Earlier this month, Riverside, Calif. police arrested a 10-year-old boy for the murder of his father, neo-Nazi leader and water board candidate Jeff Hall. At the time, police didn't attribute the motive. Now, a court declaration reveals details about the case — including why, and how, the boy killed his father. It doesn't make the story any less tragic, in case that's what you're thinking.
Apparently the fourth-grader — who, like his nine-year-old sister, knew where all of his parents' guns were kept — took a Rossi .357 revolver from a closet early one morning:
[Redacted] told Detective [Roberta] Hopewell that he went downstairs with the gun, pulled the hammer back, aimed the gun at his dad's ear while he was asleep and shot him. [Redacted] said he went upstairs and hid the gun under his bed.
As for why:
[Redacted]... admitted during the interview that he was tired of his dad hitting him and his [step-]mom. [He] said he thought his dad was cheating on his [step=]mom and thought he might have to choose which person he would live with.
The scene on the detective's arrival didn't paint a picture of domestic bliss, either. The Hall house was reportedly "filthy." "The bedrooms smelled like urine," the report explains, and the bedding — including the mattresses — was "stained and soiled." The decoration downstairs: A National Socialist Movement flag and a California Republic flag.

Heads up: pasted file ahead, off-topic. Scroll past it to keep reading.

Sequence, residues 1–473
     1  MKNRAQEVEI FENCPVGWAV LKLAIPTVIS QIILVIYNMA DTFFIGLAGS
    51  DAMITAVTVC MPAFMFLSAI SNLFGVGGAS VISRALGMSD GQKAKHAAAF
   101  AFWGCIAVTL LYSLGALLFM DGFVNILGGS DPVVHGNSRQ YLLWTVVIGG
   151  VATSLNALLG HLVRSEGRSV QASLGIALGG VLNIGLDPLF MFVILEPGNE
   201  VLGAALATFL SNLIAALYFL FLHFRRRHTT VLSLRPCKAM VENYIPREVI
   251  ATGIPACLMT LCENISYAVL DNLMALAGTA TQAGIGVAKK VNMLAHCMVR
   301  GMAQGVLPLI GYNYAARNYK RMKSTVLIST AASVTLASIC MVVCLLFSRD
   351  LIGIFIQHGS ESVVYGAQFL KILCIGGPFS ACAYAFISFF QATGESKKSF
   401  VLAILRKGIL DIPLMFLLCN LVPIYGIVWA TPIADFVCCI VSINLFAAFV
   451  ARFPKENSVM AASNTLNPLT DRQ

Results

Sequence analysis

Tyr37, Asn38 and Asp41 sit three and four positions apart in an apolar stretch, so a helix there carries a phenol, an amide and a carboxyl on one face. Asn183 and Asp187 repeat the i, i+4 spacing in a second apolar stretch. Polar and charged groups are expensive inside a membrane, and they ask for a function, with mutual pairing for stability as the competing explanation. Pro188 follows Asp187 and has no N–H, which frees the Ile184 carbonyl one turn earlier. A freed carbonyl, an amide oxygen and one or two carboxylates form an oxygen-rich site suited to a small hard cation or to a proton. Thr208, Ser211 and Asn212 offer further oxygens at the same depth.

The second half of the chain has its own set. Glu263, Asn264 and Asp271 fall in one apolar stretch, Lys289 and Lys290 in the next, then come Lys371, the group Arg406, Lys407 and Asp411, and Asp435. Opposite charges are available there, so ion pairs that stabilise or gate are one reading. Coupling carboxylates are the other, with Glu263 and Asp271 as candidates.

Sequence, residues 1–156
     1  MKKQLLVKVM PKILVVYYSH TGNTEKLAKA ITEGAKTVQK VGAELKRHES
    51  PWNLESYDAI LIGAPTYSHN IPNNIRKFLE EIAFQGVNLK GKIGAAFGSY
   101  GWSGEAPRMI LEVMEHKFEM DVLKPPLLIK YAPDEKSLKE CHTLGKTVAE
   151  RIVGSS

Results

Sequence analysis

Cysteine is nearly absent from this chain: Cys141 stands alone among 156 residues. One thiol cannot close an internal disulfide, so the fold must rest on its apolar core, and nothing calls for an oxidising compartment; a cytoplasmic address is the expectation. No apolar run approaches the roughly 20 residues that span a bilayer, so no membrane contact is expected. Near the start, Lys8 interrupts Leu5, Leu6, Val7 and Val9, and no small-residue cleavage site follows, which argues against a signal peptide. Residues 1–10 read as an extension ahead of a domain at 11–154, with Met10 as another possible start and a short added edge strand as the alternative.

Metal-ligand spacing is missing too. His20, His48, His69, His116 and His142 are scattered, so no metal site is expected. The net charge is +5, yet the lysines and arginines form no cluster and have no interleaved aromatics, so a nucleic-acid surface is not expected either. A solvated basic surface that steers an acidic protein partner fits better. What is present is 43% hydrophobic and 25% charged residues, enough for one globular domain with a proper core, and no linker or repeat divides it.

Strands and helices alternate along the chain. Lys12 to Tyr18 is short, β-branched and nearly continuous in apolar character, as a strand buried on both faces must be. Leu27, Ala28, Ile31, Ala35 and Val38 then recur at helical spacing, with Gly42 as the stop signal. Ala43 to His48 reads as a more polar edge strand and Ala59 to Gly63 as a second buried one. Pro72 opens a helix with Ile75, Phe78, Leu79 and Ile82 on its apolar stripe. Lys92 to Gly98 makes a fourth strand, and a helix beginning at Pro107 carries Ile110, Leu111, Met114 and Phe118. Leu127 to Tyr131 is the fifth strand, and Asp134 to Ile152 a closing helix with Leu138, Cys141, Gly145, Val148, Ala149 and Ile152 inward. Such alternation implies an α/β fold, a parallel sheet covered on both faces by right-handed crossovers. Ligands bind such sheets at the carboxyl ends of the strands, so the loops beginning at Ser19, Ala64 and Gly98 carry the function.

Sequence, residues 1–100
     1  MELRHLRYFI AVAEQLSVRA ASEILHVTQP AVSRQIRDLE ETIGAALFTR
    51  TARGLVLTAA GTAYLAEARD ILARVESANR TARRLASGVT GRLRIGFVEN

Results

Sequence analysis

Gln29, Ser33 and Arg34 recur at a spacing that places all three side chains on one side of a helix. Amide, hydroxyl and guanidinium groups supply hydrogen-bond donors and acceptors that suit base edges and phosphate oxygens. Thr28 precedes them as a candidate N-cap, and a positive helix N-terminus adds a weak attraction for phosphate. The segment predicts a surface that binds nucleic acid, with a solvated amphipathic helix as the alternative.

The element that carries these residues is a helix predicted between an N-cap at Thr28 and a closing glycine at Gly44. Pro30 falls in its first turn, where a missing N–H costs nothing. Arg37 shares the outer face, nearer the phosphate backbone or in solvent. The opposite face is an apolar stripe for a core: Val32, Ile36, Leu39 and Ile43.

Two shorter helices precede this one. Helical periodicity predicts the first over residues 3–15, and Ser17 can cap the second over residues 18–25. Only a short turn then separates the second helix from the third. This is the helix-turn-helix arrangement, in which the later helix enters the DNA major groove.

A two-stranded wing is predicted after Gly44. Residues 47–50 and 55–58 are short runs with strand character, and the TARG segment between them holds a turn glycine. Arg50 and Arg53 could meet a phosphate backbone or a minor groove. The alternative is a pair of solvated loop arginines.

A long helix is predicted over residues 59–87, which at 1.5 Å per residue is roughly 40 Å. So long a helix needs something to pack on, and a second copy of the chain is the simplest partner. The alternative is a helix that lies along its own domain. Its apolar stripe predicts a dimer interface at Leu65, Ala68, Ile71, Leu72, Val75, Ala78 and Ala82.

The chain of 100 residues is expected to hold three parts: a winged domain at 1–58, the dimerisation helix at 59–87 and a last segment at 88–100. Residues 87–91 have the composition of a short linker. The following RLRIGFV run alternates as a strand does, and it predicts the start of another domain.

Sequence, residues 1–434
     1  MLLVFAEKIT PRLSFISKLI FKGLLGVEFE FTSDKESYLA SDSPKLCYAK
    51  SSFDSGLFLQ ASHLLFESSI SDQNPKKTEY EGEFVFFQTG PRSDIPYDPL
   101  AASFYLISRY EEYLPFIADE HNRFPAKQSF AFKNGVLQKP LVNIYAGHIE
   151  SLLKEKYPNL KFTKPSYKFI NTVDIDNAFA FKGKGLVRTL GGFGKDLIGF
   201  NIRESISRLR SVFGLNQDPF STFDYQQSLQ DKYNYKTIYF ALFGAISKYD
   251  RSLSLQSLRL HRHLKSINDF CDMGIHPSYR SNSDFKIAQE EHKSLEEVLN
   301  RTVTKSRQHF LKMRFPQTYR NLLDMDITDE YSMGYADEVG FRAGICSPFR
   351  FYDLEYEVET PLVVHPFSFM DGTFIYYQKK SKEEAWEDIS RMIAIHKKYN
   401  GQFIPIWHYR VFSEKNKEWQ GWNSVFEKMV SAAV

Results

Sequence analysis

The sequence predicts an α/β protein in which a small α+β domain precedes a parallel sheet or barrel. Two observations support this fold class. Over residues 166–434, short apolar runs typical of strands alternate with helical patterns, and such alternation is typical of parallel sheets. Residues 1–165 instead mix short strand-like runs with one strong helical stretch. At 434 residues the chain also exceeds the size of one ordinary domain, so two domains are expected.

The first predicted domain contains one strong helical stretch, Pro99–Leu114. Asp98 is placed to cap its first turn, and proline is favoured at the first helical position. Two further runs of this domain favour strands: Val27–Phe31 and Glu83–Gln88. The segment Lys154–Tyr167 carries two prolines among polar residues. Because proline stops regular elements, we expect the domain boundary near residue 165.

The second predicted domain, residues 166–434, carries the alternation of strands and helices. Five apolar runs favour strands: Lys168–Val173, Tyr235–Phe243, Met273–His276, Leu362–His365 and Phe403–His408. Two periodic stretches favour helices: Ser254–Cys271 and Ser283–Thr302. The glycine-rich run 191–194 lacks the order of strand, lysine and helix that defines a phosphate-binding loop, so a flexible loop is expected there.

And the guns. The court document is part of a case against the boy's stepmother, Krista McCary, for child endangerment and failure to properly store a firearm; the detective account confirms that not only did Hall and McCary keep several weapons, but that "three out of the four children" knew the (easily-accessible) location of the .357 revolver.
Given the apparent physical abuse, where was Child Protective Services? According to the report, the agency had "numerous contacts" with the Hall-McCary household but "most of the allegations were unfounded" — reported as part of a "bitter child custody dispute" between Hall and his ex-wife. Clearly, CPS will be playing a role going forward. The boy, for his part, will go a court-ordered mental-health evaluation soon.